In the end, Tosh got scolded in a very effective way. He was the object of national criticism, apologized to his fans on Twitter. Democracy.

In the end, the Facebook user got scolded in a very effective way, too. She took down her joke and dropped out of the group.

God Bless America.


  1. Khadijah says:

    Sometimes jokes are funny. Sometimes they are not. Some people are more sensitive than others. I’m not a big fan of jokes around important issues. I would not joke about gas victims of Syria or dead children. I stay away from jokes about religion. I mean, one thing is that there are so many things you can joke about or find humor. Secondly, I think the culture of joking (intended I think to offset the seriousness or hopelessness or stress of the situation) too much distracts from actually solving the problem. And then lastly its all funny and games until someone gets hurt or killed by an extremist who cant take a joke. Of course violence is unacceptable but by then the damage is done and irreversible.

  2. Rich Wilson says:

    I recently objected to a chart-meme with ‘data’ that demonstrated an inverse correlation between IQ and “importance of religion”. It also use the ‘R’ word, which is another one that sets me off. I found the IQ data it used, which was a heavily criticized book that had most of Africa with an IQ in the 70s-80s.

    Sure, that’s rational. We know how religious people and Africans have IQs that are a standard deviation below average…

    But my objections were mostly ignored, and I just couldn’t take a joke, or hadn’t learned that I didn’t have a right to not be offended.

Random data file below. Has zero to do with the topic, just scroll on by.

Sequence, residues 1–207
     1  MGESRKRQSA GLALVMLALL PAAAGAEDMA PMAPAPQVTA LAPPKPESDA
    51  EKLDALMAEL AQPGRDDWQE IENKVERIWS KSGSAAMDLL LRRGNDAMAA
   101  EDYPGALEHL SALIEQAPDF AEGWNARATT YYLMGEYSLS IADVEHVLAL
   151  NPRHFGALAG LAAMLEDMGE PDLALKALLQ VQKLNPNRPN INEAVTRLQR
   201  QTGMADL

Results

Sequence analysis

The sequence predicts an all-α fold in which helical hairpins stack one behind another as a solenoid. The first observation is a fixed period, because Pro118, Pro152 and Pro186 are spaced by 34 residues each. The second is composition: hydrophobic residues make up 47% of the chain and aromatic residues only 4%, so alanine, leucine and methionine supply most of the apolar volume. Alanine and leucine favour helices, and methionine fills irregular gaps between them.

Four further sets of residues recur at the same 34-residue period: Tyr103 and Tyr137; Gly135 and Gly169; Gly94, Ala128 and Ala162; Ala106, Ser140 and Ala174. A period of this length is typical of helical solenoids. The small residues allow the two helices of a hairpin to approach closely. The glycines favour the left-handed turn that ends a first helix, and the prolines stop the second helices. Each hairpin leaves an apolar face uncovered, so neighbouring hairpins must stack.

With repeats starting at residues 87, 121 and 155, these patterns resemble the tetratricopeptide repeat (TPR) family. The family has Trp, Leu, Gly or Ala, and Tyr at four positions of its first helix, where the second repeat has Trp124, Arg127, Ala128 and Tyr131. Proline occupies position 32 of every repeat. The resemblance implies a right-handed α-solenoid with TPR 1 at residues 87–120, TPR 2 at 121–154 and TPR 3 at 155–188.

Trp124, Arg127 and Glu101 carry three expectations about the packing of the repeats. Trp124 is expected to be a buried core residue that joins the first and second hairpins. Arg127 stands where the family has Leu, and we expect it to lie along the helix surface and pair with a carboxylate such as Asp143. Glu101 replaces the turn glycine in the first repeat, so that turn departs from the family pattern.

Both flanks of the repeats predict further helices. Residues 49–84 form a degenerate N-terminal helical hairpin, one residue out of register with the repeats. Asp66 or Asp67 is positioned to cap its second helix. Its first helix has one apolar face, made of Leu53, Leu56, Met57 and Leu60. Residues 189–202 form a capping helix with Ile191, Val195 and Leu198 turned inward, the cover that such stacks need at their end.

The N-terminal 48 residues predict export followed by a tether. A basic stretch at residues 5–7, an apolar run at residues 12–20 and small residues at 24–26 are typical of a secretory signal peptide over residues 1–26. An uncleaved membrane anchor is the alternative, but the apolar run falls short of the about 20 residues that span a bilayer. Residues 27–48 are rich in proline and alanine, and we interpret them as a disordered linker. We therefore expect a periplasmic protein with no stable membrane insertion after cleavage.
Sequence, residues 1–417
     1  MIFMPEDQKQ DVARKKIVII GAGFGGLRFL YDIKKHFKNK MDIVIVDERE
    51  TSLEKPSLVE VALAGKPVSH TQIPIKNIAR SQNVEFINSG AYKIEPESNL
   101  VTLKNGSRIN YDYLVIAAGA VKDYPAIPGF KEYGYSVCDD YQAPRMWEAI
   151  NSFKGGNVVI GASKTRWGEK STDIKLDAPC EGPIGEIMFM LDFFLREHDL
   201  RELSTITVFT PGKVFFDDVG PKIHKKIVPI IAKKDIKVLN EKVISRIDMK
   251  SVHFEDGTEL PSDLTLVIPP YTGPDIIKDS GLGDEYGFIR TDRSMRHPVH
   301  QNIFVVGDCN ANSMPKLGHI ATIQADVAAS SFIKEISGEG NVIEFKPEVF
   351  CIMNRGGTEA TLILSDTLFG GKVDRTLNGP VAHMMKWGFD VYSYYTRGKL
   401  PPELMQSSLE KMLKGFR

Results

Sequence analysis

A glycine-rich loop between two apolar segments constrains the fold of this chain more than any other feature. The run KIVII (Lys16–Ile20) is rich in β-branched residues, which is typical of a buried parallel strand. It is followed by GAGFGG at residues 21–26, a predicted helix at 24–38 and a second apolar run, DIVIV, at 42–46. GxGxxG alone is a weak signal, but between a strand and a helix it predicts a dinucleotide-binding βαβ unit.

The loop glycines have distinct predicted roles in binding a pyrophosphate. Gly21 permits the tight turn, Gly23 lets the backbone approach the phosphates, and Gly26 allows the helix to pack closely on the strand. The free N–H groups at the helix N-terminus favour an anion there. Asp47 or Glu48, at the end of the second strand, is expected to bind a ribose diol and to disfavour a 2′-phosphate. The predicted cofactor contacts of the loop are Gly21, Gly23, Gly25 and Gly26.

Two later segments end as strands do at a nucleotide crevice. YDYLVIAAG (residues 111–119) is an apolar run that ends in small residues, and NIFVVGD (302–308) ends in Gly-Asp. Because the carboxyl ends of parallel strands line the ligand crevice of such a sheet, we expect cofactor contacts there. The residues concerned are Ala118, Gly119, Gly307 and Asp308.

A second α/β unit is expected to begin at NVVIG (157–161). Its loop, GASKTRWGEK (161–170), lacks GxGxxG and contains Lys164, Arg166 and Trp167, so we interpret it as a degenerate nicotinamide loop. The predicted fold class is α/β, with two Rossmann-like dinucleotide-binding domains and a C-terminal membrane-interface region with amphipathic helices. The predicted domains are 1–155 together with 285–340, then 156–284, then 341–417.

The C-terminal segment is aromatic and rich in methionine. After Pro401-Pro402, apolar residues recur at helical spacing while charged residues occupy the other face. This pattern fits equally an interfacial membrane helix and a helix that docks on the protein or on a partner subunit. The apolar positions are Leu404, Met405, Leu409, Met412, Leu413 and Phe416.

I think a large part of it is that none of us want to consider we’ve been wrong. Once we’ve made our choice, any argument against our position just makes us double down.

  3. Don says:

    “But it didn’t poke fun at a religion. It poked fun at an ethnicity. That’s different.” Something that’s always seemed odd to me is that Jewish people are considered to be both an ethnic and a religious group by a lot of people. Why are they also an ethnic group? They look like white people to me (for the most part, anyway).

    • Kevin Butler says:

      Good post.

      Don, Jews are considered an ethnic group in addition to a religious group because they are genetically distinct due to their isolation throughout the history, which (to be crude) led to a lack of breeding with other populations for thousands of years. That’s why you have certain diseases that are much more prevalent in Jews such as Tay-Sachs. I know because I have Jewish heritage and was instructed by my wife’s doctor to get a genetic test before having a child for that very reason.

      Finally, a religious joke —- A Jewish man goes to his Rabbi and tells him: “Help me, Rabbi. My son has turned Christian and was even baptized! What should I do?” The rabbi replies: “Don’t worry about it. I’ll go pray to God for an answer. Come back and talk to me tomorrow.”
      So a day passes and the man returns and asks the rabbi, “So, what did God say?” The rabbi replied, “He said he can’t help you. He has the same problem.”

  4. Don says:

    I’ve always thought that this Louis CK bit concerning rape is pretty damn funny. http://www.youtube.com/watch?v=b4hNaFkbZYU

  5. Cassandra says:

    I agree with a lot of what you have said here. His name is Daniel Tosh, though- not Brian. And he didn’t lose his job. Tosh.O is still going. :):):)

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Due out March 31, Relax, It's Just God: How and Why to Talk to Your Kids About Religion When You're Not Religious offers a well-researched look at a timely subject: secular parenting. With chapters on avoiding indoctrination, talking about death, vaccinating kids against intolerance, dealing with religious baggage, and getting along with religious relatives, the book offers a refreshingly compassionate approach to raising religiously literate, highly tolerant and critically thinking children capable of making up their own minds about what to believe. The book may be pre-ordered by visiting Brown Paper Press.